Why Dole Frowns On Fashion


The fashion industry thrives on the twitchy anticipation of style junkies searching for their next hit.

It has gotten high on glamorous, buxom beauties and tripped on the vapid waif generation. Among the current addictions is a nihilistic vision of beauty that mirrors the wasted silhouettes and pinched faces of drug addicts.

This explains why Bob Dole recently jumped on the fashion world for sending “a false and deadly message to America’s youth that drugs are harmless fun.”


Magazine readers have seen this gloomy look in the dark-rimmed, vacant eyes of models. Editors and photographers have been fond of posing them in dingy bathrooms or cheap motels with their makeup smeared and their hair tousled. And while they may be wearing the latest pricey designer clothes, the implication is that a hypodermic is somewhere just outside of the frame.

In March, when the British fashion collections were unveiled in London, the International Herald Tribune reported: “Two movies are currently defining British society: ‘Trainspotting,’ a gutsy, gaunt and surreal story of Scottish heroin junkies, and ‘Sense and Sensibility.’ ”

Fashion has mostly opted to embrace the junkies. Their style is called heroin chic.

“Trainspotting” chronicles the adventures of a group of addicts who possess a sardonic, anarchic view of life. These adventures are violent and ugly. But the film makes clear the junkies’ initial pleasure in their addictions. The end may be bleak, but the beginning is sweet. Says Renton, the strangely alluring narrator, about getting high: “People think it’s all about misery and desperation and death and all that [expletive], which is not to be ignored, but what they forget is the pleasure of it. Otherwise we wouldn’t do it. . . . Take the best orgasm you ever had, multiply it by a thousand and you’re still nowhere near it.”

It is that first hazy, dangerously seductive sense of contentment that seems to have hooked the fashion industry. “Trainspotting” has both fueled and reflected its love for junkies. While the aesthetic began long before “Trainspotting” hit the British cinemas early this year, the movie put heroin chic on the big screen in an explanatory, almost documentary way.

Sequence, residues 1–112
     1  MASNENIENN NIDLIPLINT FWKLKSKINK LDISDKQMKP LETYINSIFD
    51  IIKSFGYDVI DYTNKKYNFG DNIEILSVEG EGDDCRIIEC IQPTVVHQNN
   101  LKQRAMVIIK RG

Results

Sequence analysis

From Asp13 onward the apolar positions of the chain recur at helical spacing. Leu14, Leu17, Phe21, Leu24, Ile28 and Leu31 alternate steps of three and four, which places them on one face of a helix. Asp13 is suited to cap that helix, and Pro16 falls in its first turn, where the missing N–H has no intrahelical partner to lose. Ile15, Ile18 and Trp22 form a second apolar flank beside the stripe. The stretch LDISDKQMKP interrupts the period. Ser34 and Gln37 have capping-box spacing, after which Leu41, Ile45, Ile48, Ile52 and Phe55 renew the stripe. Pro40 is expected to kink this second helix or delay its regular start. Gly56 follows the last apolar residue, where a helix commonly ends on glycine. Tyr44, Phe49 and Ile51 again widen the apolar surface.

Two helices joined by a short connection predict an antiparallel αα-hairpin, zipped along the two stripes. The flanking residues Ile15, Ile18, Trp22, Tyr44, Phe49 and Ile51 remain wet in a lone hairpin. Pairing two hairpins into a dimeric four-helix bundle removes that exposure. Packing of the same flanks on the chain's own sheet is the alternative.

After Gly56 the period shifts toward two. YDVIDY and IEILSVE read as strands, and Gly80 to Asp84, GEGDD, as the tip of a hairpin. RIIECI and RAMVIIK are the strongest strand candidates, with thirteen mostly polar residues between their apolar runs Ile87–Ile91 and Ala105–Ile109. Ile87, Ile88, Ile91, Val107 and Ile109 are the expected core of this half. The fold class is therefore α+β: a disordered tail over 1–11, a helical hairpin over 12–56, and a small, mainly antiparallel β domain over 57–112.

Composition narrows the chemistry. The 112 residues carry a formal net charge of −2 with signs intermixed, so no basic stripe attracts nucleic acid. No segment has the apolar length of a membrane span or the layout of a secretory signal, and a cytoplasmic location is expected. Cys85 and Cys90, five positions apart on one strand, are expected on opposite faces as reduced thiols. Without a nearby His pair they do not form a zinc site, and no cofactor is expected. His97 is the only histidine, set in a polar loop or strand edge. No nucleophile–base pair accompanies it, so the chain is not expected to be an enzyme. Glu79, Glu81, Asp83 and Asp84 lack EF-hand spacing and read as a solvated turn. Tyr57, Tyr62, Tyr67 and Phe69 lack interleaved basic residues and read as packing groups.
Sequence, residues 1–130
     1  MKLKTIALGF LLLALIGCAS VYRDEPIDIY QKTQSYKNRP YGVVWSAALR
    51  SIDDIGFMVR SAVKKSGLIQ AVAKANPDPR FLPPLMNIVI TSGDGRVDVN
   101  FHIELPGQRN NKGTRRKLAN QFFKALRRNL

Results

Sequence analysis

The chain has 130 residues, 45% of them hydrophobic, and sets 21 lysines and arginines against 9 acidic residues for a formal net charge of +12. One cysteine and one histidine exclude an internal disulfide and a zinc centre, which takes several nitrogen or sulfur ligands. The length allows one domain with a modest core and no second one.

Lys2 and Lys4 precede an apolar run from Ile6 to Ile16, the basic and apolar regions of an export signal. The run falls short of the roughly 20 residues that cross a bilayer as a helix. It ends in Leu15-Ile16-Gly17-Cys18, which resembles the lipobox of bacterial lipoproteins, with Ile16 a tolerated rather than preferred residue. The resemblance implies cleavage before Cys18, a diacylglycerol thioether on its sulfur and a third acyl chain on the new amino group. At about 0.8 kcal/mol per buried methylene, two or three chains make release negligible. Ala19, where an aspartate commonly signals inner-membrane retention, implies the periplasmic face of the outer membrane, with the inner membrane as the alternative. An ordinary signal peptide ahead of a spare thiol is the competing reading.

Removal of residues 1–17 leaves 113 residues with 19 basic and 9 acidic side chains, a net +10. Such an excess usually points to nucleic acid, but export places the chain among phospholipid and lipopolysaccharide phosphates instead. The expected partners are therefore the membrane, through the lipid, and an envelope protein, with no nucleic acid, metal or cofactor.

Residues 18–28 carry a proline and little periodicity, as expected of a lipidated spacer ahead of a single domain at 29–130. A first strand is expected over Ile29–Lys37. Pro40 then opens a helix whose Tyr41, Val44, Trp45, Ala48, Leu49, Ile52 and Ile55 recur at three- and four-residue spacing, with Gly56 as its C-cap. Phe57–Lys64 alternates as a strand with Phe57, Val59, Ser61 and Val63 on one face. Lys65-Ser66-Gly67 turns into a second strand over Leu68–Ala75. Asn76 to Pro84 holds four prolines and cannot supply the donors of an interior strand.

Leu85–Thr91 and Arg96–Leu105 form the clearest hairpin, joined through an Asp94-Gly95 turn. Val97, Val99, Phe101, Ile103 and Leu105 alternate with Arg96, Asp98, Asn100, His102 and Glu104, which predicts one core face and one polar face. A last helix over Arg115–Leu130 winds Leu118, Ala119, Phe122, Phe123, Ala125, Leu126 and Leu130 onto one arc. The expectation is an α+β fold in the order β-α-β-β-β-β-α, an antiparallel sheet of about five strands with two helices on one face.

Inside the fashion industry, rumors and knowing accounts of heroin abuse by models, stylists and editors have become so standard that new tales are met with nonchalance. A recent article in Allure, which told the story of a smack-addicted model, called heroin “the worst-kept secret in modeling.” Tripping does not shock.

More than a year ago, fashion show audiences chuckled when James Iha of Smashing Pumpkins shuffled awkwardly down the runway at an Anna Sui show. He seemed so dazed that model Amber Valletta had to gently guide him backstage. Was it a put-on or for real? Either way, it was accepted as part of the normal theatrics of a fashion show. (A backup musician for the band, Jonathan Melvoin, recently died of a heroin overdose.)


Like the young men in “Trainspotting,” fashion leaders shoot for the exhilaration of the edge, always trying to outmaneuver life’s inevitable mundaneness. They dismiss rules. They’re cynical and aim to shock. Collections from designers Helmut Lang and Alexander McQueen have reflected this morning-after-a-rough-night style and the seductive nature of death. Lang is known for his pared-down silhouettes and hollow-cheeked, dour models. McQueen was in the spotlight last spring for his tattered and torn collection of tailored suits and lace blouses.

“I’ve worked on three films this summer; all three [filmmakers] have said, ‘I want that Helmut Lang, sexy, young junkie aesthetic.’ It’s huge, absolutely huge,” says Amee Simmons, a New York-based artist and stylist.

Fashion didn’t conjure up the look of zoned-out kids. Designers copied this from the street, from the addicts themselves. They cleaned it up. Validated it. And now they’re selling it.


The Style Issue

Clothes may not make the man president, but the dropouts so far in the ’96 race have been sartorial losers, like Coin Club poster boy Steve Forbes Jr. and Phil “The Human Flag” Gramm. Mindful that image will play a powerful role in the election, here’s how the front-runners have positioned themselves on matters of personal appearance.


Work clothes: Designer suits, mostly by Calvin Klein or Donna Karan. Vented jackets with generous shoulder pads (to downplay what humor writer Christopher Buckley describes in W magazine as “Michelin thighs”). Pleated trousers (again, an anti-thigh measure). Dress shirts in pale blue or white with French cuffs.

Ties: Moderate.

Play clothes: Relaxed-fit slacks, cotton shirts, leather bomber jacket, dark shades.

Workout clothes: When jogging, T-shirts and long warmups (after advisors urged him to forgo shorts to appear “more mature”). When golfing, relaxed-fit slacks and Tommy Hilfiger golf shirts.


Fitness regimen: Waving, diving into crowds to shake hands, jogging, golfing.

Abs: No.

Hairstyle: Beavis meets Jay Leno.

Styling routine: Lather, rinse, repeat.

Pallor: Weekend-golfer pink.


Work clothes: Custom-made Brooks Brothers suits (which clash with his ironic wit and accentuate his insider status, says Susan Watters of W magazine), mostly in dark blue. Two-button jackets with flap pockets. Precision trouser creases. Dress shirts in pale blue or white with French cuffs.

Ties: Conservative.

Play clothes: Cotton slacks and shirts. At poolside, white Gomer Pyle undershirts, short Nike shorts and baseball cap with prairie-friendly “Farmland” patch.

Workout clothes: Undershirts, short Nike shorts.

Fitness regimen: Waving, verbal sparring with interviewers, power-walking.

Abs: No.

Hairstyle: Superman meets Paul Shaffer.

Styling routine: Lather, rinse.

Pallor: Sunbather (3.5 hours per week sans sunscreen, according to Harper’s Index) brown.